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Little Lakes Valley
7 Photosets

mini location map2014-10-04
15 by photographer avatarOregon_Hiker
photographer avatar
Little Lakes ValleySierra Nevada, CA
Sierra Nevada, CA
Hiking avatar Oct 04 2014
Hiking9.20 Miles 1,365 AEG
Hiking9.20 Miles   6 Hrs   38 Mns   1.39 mph
1,365 ft AEG15 LBS Pack
1st trip
Linked none no linked trail guides
Partners none no partners
This is a very popular hiking destination and I was there on the weekend which added to the crowd. I drove up to the TH at the end of Rock Creek Road Friday afternoon to check it out and the large parking lot was nearly full. I would discover why this was such a popular hiking destination the next day.

The campground at Rock Creek Lake had some empty sites but was a little too populated for me. I drove further down the road to Lower Pine Grove CG which only had 2 sites occupied and decided to stay there for the next 2 nights. As a general rule I prefer dispersed camping to crowded camp grounds but there are few dispersed camping areas on the west side of HW395. The National Forest Visitor's Center at Mono Lake was very helpful providing a list of camp grounds, a small map showing dispersed camping areas and pointed out a few free CGs in the area. The dispersed camping areas were mainly on BLM land on the east side of HW 395. I stayed for 2 nights at the free Hartley Spring CG about a mile west of HW 395 a few miles south of the June Lake Loop. It was a large CG in a Ponderosa Pine forest with clean vault toilets and only 3 sites were occupied. All the CGs where I stayed on this 2 week trip through the Eastern Sierra were well maintained, were exceptionally clean and had large bear proof food lockers. A real plus at the Lower Pine Grove CG was a heated restroom with flush toilets.

After setting up camp at the Lower Pine Grove CG on Friday afternoon I went for a stroll to check out the Rock Creek Lodge located behind the CG. It has 20 cabins of various sizes and prices, a restaurant only open for breakfast, and a small store. They remain open in the winter for cross-country skiers but you must either ski in or pay to have them come get you on a snow mobile. There was a trail from the CG which followed Rock Creek up to Rock Creek Lake. I hiked about a mile up this trail through a meadow and along the creek to a pond. It was a scenic jaunt and I included a couple pics in the photoset.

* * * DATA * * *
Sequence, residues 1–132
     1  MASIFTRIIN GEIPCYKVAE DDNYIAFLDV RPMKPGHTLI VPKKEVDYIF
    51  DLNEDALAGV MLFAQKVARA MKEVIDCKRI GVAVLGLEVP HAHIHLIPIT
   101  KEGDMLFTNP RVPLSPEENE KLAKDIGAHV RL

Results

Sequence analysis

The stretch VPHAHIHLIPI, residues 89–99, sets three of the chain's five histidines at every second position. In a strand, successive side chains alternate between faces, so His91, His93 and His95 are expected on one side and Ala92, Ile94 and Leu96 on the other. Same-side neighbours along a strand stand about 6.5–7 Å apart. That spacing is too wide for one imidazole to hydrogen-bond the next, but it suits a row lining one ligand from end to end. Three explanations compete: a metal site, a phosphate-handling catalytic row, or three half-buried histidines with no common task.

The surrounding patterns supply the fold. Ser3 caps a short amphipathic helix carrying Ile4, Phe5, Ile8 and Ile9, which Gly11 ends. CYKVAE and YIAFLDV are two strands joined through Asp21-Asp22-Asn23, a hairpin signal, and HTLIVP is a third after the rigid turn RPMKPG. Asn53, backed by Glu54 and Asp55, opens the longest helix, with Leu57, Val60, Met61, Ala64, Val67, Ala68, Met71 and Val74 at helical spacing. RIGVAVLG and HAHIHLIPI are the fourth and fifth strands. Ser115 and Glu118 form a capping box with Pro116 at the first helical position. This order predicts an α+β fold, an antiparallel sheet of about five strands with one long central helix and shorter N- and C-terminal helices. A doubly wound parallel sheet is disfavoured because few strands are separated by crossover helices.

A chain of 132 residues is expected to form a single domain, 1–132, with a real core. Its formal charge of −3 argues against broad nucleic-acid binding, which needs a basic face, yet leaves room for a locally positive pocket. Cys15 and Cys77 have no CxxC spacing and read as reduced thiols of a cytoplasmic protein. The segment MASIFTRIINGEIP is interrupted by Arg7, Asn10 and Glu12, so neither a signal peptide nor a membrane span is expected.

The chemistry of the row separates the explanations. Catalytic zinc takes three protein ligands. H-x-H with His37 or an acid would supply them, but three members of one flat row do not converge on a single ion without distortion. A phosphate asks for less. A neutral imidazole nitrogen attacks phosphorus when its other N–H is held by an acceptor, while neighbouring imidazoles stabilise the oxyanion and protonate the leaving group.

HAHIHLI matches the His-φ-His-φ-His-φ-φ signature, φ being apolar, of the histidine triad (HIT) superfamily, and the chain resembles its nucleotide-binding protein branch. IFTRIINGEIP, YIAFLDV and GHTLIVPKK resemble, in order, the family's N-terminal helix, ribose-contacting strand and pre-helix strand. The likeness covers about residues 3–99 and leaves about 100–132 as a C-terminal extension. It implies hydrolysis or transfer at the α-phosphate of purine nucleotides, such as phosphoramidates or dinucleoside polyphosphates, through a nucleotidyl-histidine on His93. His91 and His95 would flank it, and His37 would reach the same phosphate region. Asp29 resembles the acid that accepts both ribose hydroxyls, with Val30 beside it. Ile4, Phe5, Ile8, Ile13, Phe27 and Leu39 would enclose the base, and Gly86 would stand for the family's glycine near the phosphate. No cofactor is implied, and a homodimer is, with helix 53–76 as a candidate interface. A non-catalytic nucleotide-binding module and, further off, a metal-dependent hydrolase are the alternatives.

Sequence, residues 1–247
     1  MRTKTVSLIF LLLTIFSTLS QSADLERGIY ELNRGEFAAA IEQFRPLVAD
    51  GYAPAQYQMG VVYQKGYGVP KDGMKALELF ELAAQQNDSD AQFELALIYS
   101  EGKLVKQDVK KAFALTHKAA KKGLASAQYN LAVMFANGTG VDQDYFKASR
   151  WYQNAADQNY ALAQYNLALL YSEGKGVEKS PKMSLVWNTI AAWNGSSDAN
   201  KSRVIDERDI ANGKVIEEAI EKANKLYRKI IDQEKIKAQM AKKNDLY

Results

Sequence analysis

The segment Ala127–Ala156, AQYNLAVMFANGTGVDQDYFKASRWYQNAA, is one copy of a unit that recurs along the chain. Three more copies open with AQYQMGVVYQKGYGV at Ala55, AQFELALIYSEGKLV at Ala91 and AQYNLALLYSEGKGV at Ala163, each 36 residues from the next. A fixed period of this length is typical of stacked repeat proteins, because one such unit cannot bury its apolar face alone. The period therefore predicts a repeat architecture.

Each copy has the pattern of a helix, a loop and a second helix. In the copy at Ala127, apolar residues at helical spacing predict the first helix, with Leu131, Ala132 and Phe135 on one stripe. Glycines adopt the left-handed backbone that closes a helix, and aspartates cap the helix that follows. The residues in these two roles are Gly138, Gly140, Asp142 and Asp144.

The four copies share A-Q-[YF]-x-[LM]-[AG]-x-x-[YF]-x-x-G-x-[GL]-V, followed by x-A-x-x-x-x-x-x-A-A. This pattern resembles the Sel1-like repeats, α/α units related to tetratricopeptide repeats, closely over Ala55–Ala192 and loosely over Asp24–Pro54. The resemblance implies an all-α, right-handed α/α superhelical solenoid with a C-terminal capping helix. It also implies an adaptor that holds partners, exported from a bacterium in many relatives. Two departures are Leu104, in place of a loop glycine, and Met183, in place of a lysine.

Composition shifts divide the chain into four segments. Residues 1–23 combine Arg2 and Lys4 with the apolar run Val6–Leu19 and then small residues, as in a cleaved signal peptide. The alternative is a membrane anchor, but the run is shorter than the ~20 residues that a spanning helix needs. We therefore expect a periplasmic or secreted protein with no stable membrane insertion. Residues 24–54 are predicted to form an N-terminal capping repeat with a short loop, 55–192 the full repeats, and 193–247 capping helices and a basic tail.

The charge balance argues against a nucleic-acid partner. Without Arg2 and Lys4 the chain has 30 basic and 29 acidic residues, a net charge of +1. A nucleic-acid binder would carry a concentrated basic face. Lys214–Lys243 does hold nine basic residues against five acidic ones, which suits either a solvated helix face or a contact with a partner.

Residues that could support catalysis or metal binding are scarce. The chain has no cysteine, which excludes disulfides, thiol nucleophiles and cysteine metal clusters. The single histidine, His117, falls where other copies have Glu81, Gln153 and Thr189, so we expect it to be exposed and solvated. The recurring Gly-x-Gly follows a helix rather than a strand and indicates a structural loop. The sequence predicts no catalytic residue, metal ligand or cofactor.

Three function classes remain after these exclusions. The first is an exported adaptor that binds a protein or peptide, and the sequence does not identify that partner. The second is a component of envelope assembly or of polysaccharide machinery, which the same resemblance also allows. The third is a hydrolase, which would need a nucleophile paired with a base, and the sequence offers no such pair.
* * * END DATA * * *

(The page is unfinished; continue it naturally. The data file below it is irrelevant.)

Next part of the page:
Saturday morning I got to the TH at 8:30 am and the parking lot was about one third full. Many cars were probably left there by backpackers on multi-day trips. The trail leads through the valley for 4.3 miles with a gentle increase in elevation and passing about 7 lakes along the way. It was a beautiful day with a clear sky and very little breeze making for great reflection pictures in the lakes. The lakes are full of Eastern Brook Trout and they could be seen swimming about in the clear water. A small shallow stream between two of the lakes was packed with these trout. A fellow hiker and I herded (by accident)a bunch of these trout into a small pool (he was walking the bank upstream and I was walking down stream). It made for a great photo op.

There were many people on the trail and having been solo for a week I enjoyed the conversations. I met a backpacker on top of a granite knob which I had climbed to get a photo of the valley. He had slept there that night taking advantage of the heat absorbed by the granite during the day. This would be one of about 6 to 8 encounters I would have on this trip with men of about my age and circumstance (retired) who had been hiking and backpacking in the eastern Sierras throughout their lives and now spend weeks at a time in the area. This fellow was very helpful recommending a number of trails along my travel route south on HW395. He couldn't remember all the names of the trail heads so I whipped out my gps and started naming off trail heads with driving routes I had downloaded for this trip (thanks to Grasshopper). This jogged his memory and I quickly marked his recommended routes on the gps by changing the color to yellow. I ended up going to 3 of his recommended trails and all were spectacular. But then I'm not sure if there are any trails in the eastern Sierras that aren't spectacular.

I hiked for about 2 miles with a foursome of young (20s) backpackers, three guys and an attractive gal. One guy, Josh, was a comedian - every time they paused to discuss which lake we had just encountered he would call out some bizarre name in an authoritative voice that had me convinced until I peeked at the map on my GPS. They asked me to take a group pic of them with the girl's I-phone. As I pointed the camera in their direction to take the picture some scarey grizzly looking old dude totally photo bombed the picture screen. The girl quickly informed me that the I-phone was in selfie mode and changed it so I could take a picture of them.

After reaching the last of the lakes (Gem Lakes) I took the trail up to Morgan Pass gaining about 400 ft elev. The trail is an old mining road which goes over the pass and down to some old mines. I paused at the pass to have lunch and enjoy the view, then started the return to the trail head. A short hike down the other side of the pass would have taken me to more lakes but I didn't relish the hike back up.
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